He took off just as they crested the rubbish heap. Down the streets he ran, the pack nipping at his heals. Left he went, and right. Until, growing tired, he found himself running straight toward a wall. There was nothing he could do but take a flying leap. So he did. And ...
The jackal landed in the old washer's backyard, right in a vat of indigo dye. When he emerged, he was blue as a royal sapphire.
The dogs took one look at him and - failing to recognize him in his new hue - turned tail and ran. They weren't the only ones.
As the jackal slipped back into the forest all the animals bowed. "The gods put me here," the cunning blue jackal declared. "Serve me and I'll bring prosperity, full bellies and jobs, jobs, jobs."
"I'll make the foxes pull their weight," he went on. "I'll build a barrier and keep the weasels out of our wood."
The squirrels showed reverence and even the foxes paid respect - and berries. He banished the other jackals, so they wouldn't recognize him, and began to rule as king. He grew fat, and comfortable, and demanded that even the tiger bring him tribute.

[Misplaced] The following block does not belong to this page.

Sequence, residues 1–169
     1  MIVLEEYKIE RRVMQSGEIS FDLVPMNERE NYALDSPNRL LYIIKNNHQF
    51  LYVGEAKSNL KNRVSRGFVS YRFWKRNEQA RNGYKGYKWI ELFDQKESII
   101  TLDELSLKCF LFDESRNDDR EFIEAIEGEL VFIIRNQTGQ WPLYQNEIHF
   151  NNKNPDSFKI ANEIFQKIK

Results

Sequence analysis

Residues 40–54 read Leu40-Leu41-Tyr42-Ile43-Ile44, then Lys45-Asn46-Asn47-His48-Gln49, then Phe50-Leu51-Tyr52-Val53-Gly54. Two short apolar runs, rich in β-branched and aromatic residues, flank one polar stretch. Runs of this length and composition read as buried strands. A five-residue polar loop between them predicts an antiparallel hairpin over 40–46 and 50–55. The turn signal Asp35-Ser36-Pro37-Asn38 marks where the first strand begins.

He forgot who he was.
Until one night a family of traveling jackals happened into the wood and began to howl at the full moon. The blue jackal couldn't help himself. Instinct took over and he began to howl in harmony.
The spell was broken. The creatures of the forest saw him for what he was: Nothing but a skeezy jackal. They chased him down and - things were tough back then - ripped him to shreds.
The moral of this story? If you pretend to be something you're not, it's gonna catch up to you. No matter what color you drape yourself in.
Ancient wisdom. It's as old as time, and as Alabama as ill-gotten gains.

Reference Decatur Daily Article - Jail food amendment to be on November ballot By Eric Fleischauer Metro Editor

Senator Author Orr spearheaded a senate bill that if favorably voted on by the citizens of Morgan County the citizens can stop corrupt sheriff's such as Sheriff Ana Franklin from partaking in the inmate food funds.  Those funds are set up to feed the inmates and should not be used to fatten the sheriffs pockets. 

Check out the Decatur daily for more information